The number of Brazilians who would like to carry a firearm doubled in seven years, but they are not yet a majority. This was revealed by the Barometer of the Americas (LAPOP), an opinion poll that assesses the perception of democracy, political institutions, and other issues in the American continent.
Between January and March, the Barometer interviewed 1,498 Brazilians in cities across the country. Vanderbilt University in the United States coordinated the study, which been conducted since 2006, usually every two years. The margin of error is 2.5 percentage points more or less.
In 2012, when the study asked the question the last time, 21% said that if they could, they would carry a firearm. Now, it's 43%—still the minority, however.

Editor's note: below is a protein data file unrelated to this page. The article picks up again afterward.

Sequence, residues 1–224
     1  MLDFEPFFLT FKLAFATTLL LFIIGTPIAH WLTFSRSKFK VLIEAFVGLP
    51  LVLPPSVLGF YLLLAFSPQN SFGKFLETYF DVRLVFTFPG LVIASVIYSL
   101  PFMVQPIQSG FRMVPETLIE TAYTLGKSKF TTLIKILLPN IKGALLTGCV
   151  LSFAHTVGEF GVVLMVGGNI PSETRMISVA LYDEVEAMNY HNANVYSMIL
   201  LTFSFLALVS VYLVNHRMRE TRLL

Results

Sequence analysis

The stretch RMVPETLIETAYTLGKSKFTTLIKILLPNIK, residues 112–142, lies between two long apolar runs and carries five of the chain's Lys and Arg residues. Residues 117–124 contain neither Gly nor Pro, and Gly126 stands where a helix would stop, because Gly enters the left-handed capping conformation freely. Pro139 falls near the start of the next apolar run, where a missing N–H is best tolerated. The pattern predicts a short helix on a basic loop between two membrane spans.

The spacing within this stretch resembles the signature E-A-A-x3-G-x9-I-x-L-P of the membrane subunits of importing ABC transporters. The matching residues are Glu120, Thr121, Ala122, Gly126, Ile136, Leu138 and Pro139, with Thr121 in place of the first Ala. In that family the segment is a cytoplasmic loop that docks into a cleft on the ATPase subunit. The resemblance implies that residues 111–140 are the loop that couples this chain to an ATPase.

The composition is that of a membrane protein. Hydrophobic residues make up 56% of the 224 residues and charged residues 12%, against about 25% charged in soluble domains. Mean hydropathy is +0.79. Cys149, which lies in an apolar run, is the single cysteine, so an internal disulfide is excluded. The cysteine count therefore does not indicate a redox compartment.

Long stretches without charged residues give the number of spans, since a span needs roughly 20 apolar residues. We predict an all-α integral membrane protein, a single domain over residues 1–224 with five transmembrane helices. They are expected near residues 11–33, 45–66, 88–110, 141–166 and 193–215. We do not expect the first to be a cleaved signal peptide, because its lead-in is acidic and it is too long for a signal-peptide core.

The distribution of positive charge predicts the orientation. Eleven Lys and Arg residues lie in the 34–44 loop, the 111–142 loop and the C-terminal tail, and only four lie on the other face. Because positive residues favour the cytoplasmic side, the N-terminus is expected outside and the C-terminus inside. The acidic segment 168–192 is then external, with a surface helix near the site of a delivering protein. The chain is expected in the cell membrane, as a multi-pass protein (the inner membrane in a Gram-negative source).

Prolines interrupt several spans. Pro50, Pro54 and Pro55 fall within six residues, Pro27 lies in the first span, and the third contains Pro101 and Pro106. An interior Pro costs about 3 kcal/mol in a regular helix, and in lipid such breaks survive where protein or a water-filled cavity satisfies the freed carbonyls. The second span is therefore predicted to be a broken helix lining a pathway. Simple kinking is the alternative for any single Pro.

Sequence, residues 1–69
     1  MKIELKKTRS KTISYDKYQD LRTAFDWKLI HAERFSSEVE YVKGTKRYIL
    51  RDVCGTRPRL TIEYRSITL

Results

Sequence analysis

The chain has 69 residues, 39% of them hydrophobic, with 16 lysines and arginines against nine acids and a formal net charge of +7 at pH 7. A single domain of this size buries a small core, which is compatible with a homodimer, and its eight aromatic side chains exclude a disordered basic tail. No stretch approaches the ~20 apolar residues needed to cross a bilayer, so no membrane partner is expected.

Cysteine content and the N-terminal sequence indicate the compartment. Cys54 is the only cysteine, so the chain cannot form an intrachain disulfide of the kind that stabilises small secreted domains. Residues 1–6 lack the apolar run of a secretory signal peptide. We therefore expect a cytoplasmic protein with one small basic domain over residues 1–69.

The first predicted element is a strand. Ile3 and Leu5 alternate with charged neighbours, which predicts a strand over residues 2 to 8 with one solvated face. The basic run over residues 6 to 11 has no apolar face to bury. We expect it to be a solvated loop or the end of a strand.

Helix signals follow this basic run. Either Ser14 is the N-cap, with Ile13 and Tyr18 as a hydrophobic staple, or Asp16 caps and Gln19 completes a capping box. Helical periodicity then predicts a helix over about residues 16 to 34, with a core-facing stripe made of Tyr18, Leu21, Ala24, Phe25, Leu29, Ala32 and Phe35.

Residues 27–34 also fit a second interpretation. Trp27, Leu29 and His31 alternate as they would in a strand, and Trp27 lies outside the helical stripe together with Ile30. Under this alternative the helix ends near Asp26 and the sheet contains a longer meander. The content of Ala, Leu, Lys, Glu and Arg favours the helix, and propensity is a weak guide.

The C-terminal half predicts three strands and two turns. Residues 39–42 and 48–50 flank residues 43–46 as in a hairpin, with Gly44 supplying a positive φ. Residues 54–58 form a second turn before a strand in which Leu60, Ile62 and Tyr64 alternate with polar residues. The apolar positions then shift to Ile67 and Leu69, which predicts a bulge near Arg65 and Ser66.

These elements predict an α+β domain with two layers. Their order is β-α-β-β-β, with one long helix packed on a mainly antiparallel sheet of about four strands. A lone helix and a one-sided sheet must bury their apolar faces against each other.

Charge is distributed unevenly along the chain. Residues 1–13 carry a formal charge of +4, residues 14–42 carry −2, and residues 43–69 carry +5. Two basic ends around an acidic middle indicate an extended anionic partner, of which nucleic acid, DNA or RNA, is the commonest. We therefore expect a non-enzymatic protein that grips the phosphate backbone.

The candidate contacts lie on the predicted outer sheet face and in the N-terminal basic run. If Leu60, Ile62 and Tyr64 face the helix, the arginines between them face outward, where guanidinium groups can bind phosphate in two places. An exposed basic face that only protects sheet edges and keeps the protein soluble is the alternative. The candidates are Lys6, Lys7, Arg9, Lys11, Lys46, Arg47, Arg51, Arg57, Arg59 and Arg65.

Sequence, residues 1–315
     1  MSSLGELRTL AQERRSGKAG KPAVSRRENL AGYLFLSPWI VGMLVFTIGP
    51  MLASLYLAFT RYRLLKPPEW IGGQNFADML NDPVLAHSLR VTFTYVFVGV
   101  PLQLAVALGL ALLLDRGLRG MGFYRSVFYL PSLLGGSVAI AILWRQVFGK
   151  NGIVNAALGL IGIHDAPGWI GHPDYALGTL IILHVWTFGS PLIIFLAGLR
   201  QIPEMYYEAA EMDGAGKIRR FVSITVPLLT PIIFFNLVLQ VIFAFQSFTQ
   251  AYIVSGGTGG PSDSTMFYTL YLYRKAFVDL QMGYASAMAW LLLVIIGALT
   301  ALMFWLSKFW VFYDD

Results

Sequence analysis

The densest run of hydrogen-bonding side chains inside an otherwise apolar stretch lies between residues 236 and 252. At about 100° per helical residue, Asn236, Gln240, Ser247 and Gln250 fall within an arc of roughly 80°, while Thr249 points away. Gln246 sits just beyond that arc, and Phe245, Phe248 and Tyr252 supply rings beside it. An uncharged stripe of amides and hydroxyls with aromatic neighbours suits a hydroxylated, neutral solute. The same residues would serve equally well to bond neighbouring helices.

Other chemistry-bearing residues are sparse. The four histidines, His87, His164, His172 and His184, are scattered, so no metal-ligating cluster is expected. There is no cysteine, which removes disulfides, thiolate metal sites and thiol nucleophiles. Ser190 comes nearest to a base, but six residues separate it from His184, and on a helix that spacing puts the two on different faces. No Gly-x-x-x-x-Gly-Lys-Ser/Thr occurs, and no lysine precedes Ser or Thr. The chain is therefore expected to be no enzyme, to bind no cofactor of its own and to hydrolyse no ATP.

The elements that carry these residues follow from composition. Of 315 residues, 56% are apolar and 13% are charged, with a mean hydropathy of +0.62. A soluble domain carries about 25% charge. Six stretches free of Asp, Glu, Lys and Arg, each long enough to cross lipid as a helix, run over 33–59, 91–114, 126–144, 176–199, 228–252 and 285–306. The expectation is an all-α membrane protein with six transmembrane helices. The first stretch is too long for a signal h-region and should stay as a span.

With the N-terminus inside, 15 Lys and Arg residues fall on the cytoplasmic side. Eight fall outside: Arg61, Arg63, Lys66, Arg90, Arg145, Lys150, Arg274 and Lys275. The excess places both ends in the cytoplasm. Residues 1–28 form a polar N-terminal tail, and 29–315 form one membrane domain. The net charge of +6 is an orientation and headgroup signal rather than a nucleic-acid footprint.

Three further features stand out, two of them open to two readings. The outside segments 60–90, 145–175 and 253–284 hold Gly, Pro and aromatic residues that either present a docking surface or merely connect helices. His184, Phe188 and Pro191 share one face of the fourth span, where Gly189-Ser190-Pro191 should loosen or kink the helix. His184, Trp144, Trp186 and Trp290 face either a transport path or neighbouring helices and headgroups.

The same question was asked in four other countries: Peru, Ecuador, El Salvador, and Guatemala. The latter two have two of the highest homicide rates in the world.
In 2012, Brazil was the last in the ranking of arms support. Now, it is in third place, losing to Peru (49%) and Ecuador (46%).
Brazil was also the only country that showed growth in the index. In all other countries, there were no significant variations in numbers.
Translated by Kiratiana Freelon